No

No

Yes

Yes

No

Yes

No

Yes

Yes

Yes

Yes

Yes

Fazilka

Yes

Yes

No

No

Yes

No

No

Yes

No

No

No

No

Yes

Yes

Yes

Yes

Yes

Jagraon

No

Yes

No

Yes

Yes

No

No

Yes

No

No

No

Yes

Yes

Yes

Yes

Yes

Yes

Maler Kotla

Name of the Sub-Divisional Hospitals

Table 2.3 Laboratory Facilities Available at Sub-Divisional Hospitals

Yes

Yes

No

No

Yes

No

No

Yes

No

No

No

No

Yes

Yes

Yes

Yes

Yes

Malout

No

Yes

No

Yes

Yes

Yes

No

Yes

No

No

Yes

Yes

Yes

Yes

Yes

Yes

Yes

Nakodar

No

Yes

No

No

No

No

No

Yes

No

No

No

No

No

No

Yes

Yes

No

Patti

(Contd...)

Yes

Yes

No

No

No

No

No

Yes

No

No

Yes

Yes

Yes

Yes

Yes

Yes

Yes

Talwandi

174

Study to Review

The Health Care Delivery System provided by PHSC, Punjab

Medical College

Yes Yes No No Yes Yes No NA Government. Hospitals No

None

Guidelines-When to refer

Guidelines- How to refer

Colour coded referral cards available

Feed-back Mechanism existing:

Transport facility provided:

Maintenance of records/ registers

Incentive for following referral route

if Yes what

Procedure followed for referral:

Tie-up with other hospital (both public and private) for diagnostic

If Yes, what services are provided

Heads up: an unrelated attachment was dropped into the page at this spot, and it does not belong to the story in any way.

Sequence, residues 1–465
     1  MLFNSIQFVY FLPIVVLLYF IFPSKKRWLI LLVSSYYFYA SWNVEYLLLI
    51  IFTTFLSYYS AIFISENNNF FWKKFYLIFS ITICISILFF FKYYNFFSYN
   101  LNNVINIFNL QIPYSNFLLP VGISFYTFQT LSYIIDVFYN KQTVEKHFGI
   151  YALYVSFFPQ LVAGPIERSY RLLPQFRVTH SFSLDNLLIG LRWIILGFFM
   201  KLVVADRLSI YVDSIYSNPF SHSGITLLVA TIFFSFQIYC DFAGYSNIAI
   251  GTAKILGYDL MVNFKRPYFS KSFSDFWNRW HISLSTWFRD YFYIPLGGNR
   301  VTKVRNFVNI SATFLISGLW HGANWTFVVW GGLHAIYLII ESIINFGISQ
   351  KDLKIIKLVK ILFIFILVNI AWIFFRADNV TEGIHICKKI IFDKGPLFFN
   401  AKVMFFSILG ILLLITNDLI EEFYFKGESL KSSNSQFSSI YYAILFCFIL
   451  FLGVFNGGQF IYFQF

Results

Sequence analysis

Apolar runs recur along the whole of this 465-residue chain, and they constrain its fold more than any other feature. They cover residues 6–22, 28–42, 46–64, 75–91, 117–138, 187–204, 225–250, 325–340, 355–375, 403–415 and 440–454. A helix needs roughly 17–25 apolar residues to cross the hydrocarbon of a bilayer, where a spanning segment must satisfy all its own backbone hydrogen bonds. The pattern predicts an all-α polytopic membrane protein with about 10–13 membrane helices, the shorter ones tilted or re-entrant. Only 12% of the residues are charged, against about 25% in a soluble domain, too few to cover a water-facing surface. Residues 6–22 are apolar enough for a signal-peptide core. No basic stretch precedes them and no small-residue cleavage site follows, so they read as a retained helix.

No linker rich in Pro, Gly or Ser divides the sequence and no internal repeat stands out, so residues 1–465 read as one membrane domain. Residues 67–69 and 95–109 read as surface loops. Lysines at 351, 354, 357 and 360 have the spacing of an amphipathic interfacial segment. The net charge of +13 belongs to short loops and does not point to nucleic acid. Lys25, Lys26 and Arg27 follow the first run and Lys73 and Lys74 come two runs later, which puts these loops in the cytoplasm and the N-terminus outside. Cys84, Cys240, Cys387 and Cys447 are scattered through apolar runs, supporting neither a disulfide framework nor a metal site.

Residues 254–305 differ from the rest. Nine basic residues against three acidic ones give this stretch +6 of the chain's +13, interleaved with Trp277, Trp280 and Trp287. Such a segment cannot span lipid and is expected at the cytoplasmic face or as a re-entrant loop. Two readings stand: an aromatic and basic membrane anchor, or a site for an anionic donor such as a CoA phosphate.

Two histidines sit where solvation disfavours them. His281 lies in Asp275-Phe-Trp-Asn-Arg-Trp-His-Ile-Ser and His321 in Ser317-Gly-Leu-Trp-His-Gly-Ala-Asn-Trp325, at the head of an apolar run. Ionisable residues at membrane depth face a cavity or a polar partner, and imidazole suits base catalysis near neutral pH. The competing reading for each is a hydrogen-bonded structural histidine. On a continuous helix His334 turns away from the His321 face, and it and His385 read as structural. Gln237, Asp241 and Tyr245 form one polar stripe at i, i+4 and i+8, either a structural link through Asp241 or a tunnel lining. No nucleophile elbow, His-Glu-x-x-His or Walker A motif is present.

Does the Hospital have any Outreach Area

Hospital has a tie-up with:

No

Yes

Guidelines for- What to refer

No NA

No NA

Government. Hospitals

NA

No

Yes

Yes

Yes

Yes

Yes

Yes

Yes

Yes

Yes

Referral manual available

Yes

Batala

Yes

Ajnala

Any Referral System in place

Laboratory Tests

NA

No

None

No

Distt. Hospitals

NA

No

Yes

Yes

No

No

Yes

No

No

Yes

Yes

Dasuya

Eye camp, IEC

Yes

Medical College

Yes

Medical College

Ambulance Provided

Yes

Yes

Yes

Yes

Yes

Yes

Yes

Yes

Yes

Yes

Fazilka

Eye camp

MCH,

Yes

Medical College

Yes

Government. Hospitals

NA

No

Yes

Yes

No

No

Yes

Yes

Yes

Yes

Yes

Jagraon

Eye camp

Blood Coll. Camp,

Yes

Other Government. Hospitals

No

Government. Hospitals

NA

No

Yes

Yes

Yes

No

No

No

No

No

Yes

Maler Kotla

Malout

NA

No

None

No

Distt. Hospitals

NA

No

Yes

Yes

No

No

NA

NA

NA

No

Yes

Name of the Sub-Divisional Hospitals

NA

No

None

Yes

None

No Waiting For Patient

Yes

Yes

Yes

Yes

Yes

Yes

Yes

Yes

Yes

Yes

Nakodar

NA

No

Medical College

Yes

Government. Hospitals

NA

No

Yes

Yes